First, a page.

Preheat the oven to 350° and line 2 cookies sheets with parchment. Using a cookie scoop or tablespoon, scoop out the dough, leaving at least 2 inches between cookies. Bake for 12 minutes or until firm and golden. Cool on a rack. Repeat with remaining dough.
— Aaron Manuyag of High Street Hospitality
Pistachio Millionaire’s Shortbread with Coriander Butterscotch
Yields 3 dozen
For the shortbread
1 cup unsalted butter, softened
¾ cup sugar
1 packed tablespoon finely grated lemon zest
1¼ cups shelled pistachios
1½ cups all-purpose flour
For the butterscotch
2 tablespoons coriander seeds
½ cup unsalted butter
1½ cups turbinado sugar
½ cup heavy cream, plus more if needed
½ cup Irish whiskey
2 teaspoons kosher salt
For the chocolate top
8 ounces bittersweet chocolate (70 percent cacao), finely chopped
2 tablespoons unsalted butter
To make the shortbread, heat the oven to 350°, with a rack in the center. Line a large rimmed baking sheet with parchment paper. In the bowl of a stand mixer fitted with the paddle attachment, cream the butter, sugar, lemon zest, and salt on high speed until fluffy, about three minutes.
In a food processor, pulse the pistachios to a fine meal (some small chunks are OK). Add the ground pistachios to the butter mixture and blend on low speed until incorporated. With the mixer running on low speed, add the flour, about ½ cup at a time. When no streaks of flour remain, increase the speed to high and mix just until the mixture holds together in a thick dough, about 1 minute.
Scrape the dough onto the baking sheet and press with your hands into a 12-by-9-inch rectangle that’s ½ inch thick. Bake until the edges brown and the top is dry but still slightly sticky, about 15 minutes. The center should look underbaked. Let the shortbread cool completely in the baking sheet on a rack.
To make the butterscotch, toast the coriander seeds in a medium skillet over medium heat, shaking occasionally until they smell fragrant and have darkened slightly, then pour off into a wide bowl to cool. Once cool, grind finely in a spice grinder or a mortar and pestle. You should have 2 tablespoons, plus a bit extra to sprinkle over at the end.
Melt the butter in a heavy 3-quart saucepan over medium heat. Increase the heat to high, add the sugar, and stir to toast the sugar for about 30 seconds. Carefully pour in the cream and whiskey, then add 2 tablespoons of the coriander and the salt, stirring to dissolve the sugar. Bring to a boil, stirring constantly until the butterscotch is thick enough that a rubber spatula leaves a dry trail that quickly closes at the bottom of the pan, 5 to 10 minutes. Remove from the heat and let cool until warm and spreadable. If the butterscotch hardens, reheat it over low heat, stirring in an extra tablespoon or two of cream. It may look broken, but just whisk it back together.
To make the chocolate top, melt the chocolate and the butter in a small saucepan over low heat, stirring often to keep the chocolate from scorching. When the chocolate is mostly melted, remove it from the heat and stir until smooth.
To assemble the bars, pour the butterscotch over the shortbread and spread into an even layer with an offset spatula. Refrigerate until the butterscotch is firm, about 10 minutes, then spread the chocolate on top of the butterscotch in a thin layer. Sprinkle with ground coriander and refrigerate until the chocolate is firm, about 20 minutes. Cut into 1-inch squares with a sharp knife and serve chilled or at room temperature. Alternatively, cover the cookies well in plastic wrap and freeze for up to 1 month.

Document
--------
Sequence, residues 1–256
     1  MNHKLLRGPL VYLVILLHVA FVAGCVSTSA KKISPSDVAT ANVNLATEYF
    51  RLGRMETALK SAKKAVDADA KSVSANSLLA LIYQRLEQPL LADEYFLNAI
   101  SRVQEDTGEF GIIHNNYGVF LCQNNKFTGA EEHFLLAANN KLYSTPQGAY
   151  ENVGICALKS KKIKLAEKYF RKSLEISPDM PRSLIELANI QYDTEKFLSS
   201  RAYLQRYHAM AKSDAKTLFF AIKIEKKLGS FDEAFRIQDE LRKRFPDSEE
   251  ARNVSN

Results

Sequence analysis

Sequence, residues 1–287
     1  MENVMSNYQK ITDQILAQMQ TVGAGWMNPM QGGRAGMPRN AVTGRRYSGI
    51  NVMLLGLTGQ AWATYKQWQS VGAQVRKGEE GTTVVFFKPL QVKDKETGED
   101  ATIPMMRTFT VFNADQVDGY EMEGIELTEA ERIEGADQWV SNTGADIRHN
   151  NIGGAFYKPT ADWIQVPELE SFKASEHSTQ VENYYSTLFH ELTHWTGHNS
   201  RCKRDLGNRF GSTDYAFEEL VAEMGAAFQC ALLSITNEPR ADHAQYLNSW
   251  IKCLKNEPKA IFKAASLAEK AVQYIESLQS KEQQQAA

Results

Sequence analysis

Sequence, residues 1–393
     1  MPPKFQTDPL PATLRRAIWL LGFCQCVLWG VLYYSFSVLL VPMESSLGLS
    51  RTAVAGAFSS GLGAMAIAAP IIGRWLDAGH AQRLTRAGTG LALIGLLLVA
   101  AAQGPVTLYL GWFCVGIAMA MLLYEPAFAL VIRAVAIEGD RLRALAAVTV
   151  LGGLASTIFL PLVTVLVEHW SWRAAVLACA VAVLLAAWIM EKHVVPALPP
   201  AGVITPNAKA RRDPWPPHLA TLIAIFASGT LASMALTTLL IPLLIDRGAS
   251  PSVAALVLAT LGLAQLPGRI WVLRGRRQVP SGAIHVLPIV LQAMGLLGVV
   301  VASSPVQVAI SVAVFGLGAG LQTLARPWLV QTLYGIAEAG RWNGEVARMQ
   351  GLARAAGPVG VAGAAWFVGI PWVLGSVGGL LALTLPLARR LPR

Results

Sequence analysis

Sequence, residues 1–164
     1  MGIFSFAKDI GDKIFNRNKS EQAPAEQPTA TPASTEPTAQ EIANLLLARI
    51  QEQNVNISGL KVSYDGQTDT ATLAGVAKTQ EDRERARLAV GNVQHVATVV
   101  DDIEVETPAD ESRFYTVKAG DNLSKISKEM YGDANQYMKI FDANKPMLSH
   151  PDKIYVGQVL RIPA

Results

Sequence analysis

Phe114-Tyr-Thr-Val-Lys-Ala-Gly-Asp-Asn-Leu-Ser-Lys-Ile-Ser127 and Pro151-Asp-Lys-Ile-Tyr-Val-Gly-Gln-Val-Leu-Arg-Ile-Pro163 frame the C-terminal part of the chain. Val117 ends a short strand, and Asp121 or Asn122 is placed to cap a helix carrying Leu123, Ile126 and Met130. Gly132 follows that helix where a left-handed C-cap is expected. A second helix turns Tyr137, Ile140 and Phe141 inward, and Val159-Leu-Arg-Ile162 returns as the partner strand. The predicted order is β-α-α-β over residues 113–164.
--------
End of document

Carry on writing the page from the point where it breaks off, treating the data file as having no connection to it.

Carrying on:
— From Food52 Genius Desserts by Kristen Miglore (Ten Speed Press, 2018)
Makes 24 large cookies
8 tablespoons unsalted butter, room temperature
¾ cup light brown sugar, packed
¾ cup granulated sugar
2 large eggs, room temperature
¾ cup sunflower seed oil or other neutral oil
3 teaspoons real vanilla extract
1 teaspoon rum extract
1¾ cups bread flour
1 cup all-purpose flour
2 teaspoons cream of tartar
1 teaspoon baking soda
1 teaspoon sea salt
1 teaspoon nutmeg
¾ teaspoon ground cinnamon
For the cookie coating
¼ cup granulated sugar
¾ teaspoon ground cinnamon
½ teaspoon ground nutmeg
To make the cookies, in an electric stand mixer fitted with the paddle attachment, add the butter, brown sugar, and granulated sugar and mix on medium speed for 4 minutes, or until light and fluffy. Add the eggs one at a time, scraping down the sides and bottom of the bowl and making sure they’re fully blended before adding the next. Add the oil, vanilla, and rum extract and mix for 1 minute more.
In a medium-size bowl, whisk together the bread flour, all-purpose flour, cream of tartar, baking soda, salt, nutmeg, and cinnamon. Pour the flour mixture into the butter mixture, stirring to combine. Don’t overmix, but make sure everything gets well blended together. I like to mix just until the flour disappears. Wrap tightly and store in the fridge for several hours, or until firm enough to roll.
Preheat your oven to 375° and place a rack in the top third at least 6 inches from the heat source. Cover several baking sheets with parchment paper.
To make the cookie coating, in a small bowl, mix together the granulated sugar, cinnamon, and nutmeg.
Take the dough out of the fridge and roll about 1½ tablespoons of it between your palms into a nice ball. Give the ball a generous coating of the sugar-spice mixture and set on the baking sheet. Make sure there are 2 inches between each ball, allowing space for spreading during baking. Freeze the balls for 15 minutes, then take them from the freezer to the oven and bake for 11 minutes. Let them cool on the baking sheet for 10 minutes and then finish on a cooling rack.
— From The Cookie Book: Decadent Bites for Every Occasion by Rebecca Firth (Page Street, 2018)